The use of a spacer with face mask to administer aerosolized medication to infants and toddlers is controversial. Hickey et al1 evaluated the use of a "homemade" spacer to administer low-dose albuterol (two puffs, or 180 μg given twice, 20 minutes apart) to infants and toddlers presenting to the emergency department with wheezing. The study has problems that make it difficult for me to accept the authors' conclusions that the low dose of albuterol they administered via spacer with face mask to young children presenting to the emergency department with wheezing resuited in significant clinical improvement. I also believe that this study and its conclusions send a wrong message: low-dose albuterol administered via metered-dose inhaler with a spacer (MDI-S) and face mask is an acceptable alternative to standard nebulizer therapy in infants and toddlers. I note the following three major problems with the study: (1) the spacer device employed;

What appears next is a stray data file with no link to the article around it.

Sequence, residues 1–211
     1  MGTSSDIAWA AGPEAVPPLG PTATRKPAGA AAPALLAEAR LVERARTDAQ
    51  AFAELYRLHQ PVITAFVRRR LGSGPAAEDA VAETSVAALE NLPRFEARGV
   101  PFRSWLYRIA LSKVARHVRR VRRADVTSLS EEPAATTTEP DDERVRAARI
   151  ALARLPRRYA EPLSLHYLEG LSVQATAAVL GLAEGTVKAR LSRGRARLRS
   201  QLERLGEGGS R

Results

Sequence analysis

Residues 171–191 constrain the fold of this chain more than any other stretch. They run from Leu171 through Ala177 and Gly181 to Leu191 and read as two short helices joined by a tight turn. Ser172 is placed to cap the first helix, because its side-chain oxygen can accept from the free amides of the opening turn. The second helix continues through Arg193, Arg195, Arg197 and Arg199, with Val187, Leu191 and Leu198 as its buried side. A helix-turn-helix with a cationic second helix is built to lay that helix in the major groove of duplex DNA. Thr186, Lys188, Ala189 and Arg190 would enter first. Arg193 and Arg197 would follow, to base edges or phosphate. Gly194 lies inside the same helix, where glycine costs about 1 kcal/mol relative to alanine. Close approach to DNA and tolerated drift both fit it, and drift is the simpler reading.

Carter ER. Albuterol Administered by Metered-Dose Inhaler and Spacer to Young Children With Wheezing. Arch Pediatr Adolesc Med. 1994;148(12):1352–1353. doi:10.1001/archpedi.1994.02170120114026
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